Sustainability and space exploration

There hasn’t been all that much crossover between two of my major interests: sustainability and space exploration.  But there ought to be.

In some respects, this isn’t too surprising.  Environmentalists tend to look, at best, somewhat apathetically towards space exploration, and downright hostile at worst- usually because it’s either being perceived as a waste of money, or some sort of attempt to flee the ravages of Earth rather than clean up after ourselves (though if they knew more about the current state of space technology, they’d know no one is seriously planning on that- or, at least, they damn well shouldn’t be).   The latter element is also viewed sometimes by activist as playing into cornucopian and technotopian ideals -that our economy can grow indefinitely since we can, I don’t know, mine the asteroids or something (although the L-5 Society– which definitely does qualify as technotopian- doesn’t receive as much credit as it should for explicitly addressing the contradiction of maintaining infinite economic growth on a finite planet as starting point; sure, their solution (move off-planet) may not be economically plausible for the foreseeable future, but it is a valid solution).  The fact that the space industry is pretty enmeshed with the military-industrial complex doesn’t do it any favors in activists’ books, either.  Also to their credit, the Green Party of the US isn’t actively hostile towards space exploration (see point 3), either, though only as long as it doesn’t lead to militarization, and they’d much prefer more focus on robotic space exploration (which is a valid stance in the debate of humans vs robots, although one I’d wish they’d elaborate on, and maybe show a little nuance).  However, for the purposes of this essay, it’s human spaceflight that I have in mind for the most part.

Aerospace people generally tend to be apathetic towards the environment as well (mostly because it’s not really their thing, and they tend to be politically on the conservative side as well).   A few of them are downright antagonistic with environmentalism- I remember the wife of a well-known lunar scientist and moon-colonization-proponent would occasionally comment on some of the space blogs I frequented, and she basically implied that the reason Project Constellation got cancelled was that it was part of some sort of shadowy conspiracy by Presidential Science Adviserr John Holdren to “de-develop” the West, and possibly bring us under communist subjugation (sadly, I’m not exaggerating- not even a little); the fact that CxP got cancelled was because it was grossly overbudget, years behind schedule, and based around a flawed and totally unnecessary rocket didn’t seem to occur to her.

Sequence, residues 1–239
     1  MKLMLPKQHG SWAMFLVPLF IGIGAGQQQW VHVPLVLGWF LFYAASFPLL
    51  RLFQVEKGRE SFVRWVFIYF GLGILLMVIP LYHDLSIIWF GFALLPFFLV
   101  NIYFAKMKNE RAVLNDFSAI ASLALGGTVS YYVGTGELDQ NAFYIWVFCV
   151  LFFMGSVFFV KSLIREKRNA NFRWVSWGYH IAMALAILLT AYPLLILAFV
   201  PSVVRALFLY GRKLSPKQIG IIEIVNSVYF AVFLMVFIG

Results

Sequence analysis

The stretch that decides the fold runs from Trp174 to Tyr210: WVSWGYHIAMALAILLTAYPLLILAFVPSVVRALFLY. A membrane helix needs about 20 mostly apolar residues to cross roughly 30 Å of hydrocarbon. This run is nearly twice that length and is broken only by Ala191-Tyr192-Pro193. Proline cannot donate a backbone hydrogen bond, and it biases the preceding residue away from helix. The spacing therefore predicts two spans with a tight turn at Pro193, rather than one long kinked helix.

However, there’s no reason for this antagonism to exist.  There is one very, very crucial intersection of interest: life support.

We humans have not had much luck in creating closed-loop life support systems, but we’re going to have get good at it if we’re ever going to get serious about travel into deep space. This will, no doubt, involve a lot of applied ecology, and close scrutiny of material, nutrient, and energy flows.  If/when we get to the point of doing long-duration missions, I sincerely hope there is  an ecologist on board to keep track of all that.

Similarly, while I suspect many environmentalists would view offworld colonies as the ultimate in artificial and “unnatural” environments, I would urge them not dismiss them out of hand so quickly.  If (and hopefully when!) the first generation of children are born off-planet, I would not be surprised if we found them to be the amongst the most ecologically-sensitive humans to ever live- they will have to be, as they grew up in an environment where ecological imbalances (more respiration than production, deficient soil, accumulation of persistent contaminants) isn’t an abstract concern, but something that can kill them with very quickly and with surprisingly little warning.  I have often wondered if humanity’s expansion into space would lead to a new evolution of our species- and not in the wish-washy, New Age sort of way, but in the sense that people who don’t adapt quickly are, unfortunately, quite likely not to survive, given how incredibly hostile the environment is.

To put it another way: the next time you hear someone say that CO2 can’t be bad for the atmosphere, because it’s “natural” and not a pollutant and therefore couldn’t be harmful, remind yourself of what the Apollo 13 crew might think of that.


About tessarion

Astrobiologist, environmentalist, trans lesbian, and would-be writer.
This entry was posted in human spaceflight, space exploration, Sustainability. Bookmark the permalink.

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